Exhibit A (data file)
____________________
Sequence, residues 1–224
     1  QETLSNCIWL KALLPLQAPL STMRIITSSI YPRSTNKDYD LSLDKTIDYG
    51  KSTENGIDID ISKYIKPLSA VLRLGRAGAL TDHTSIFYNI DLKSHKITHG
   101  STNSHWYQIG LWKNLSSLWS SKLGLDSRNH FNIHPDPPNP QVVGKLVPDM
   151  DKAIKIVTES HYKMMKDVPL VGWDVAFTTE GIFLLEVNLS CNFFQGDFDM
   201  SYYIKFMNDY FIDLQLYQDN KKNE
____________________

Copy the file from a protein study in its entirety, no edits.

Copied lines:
Sequence, residues 1–224
     1  QETLSNCIWL KALLPLQAPL STMRIITSSI YPRSTNKDYD LSLDKTIDYG
    51  KSTENGIDID ISKYIKPLSA VLRLGRAGAL TDHTSIFYNI DLKSHKITHG
   101  STNSHWYQIG LWKNLSSLWS SKLGLDSRNH FNIHPDPPNP QVVGKLVPDM
   151  DKAIKIVTES HYKMMKDVPL VGWDVAFTTE GIFLLEVNLS CNFFQGDFDM
   201  SYYIKFMNDY FIDLQLYQDN KKNE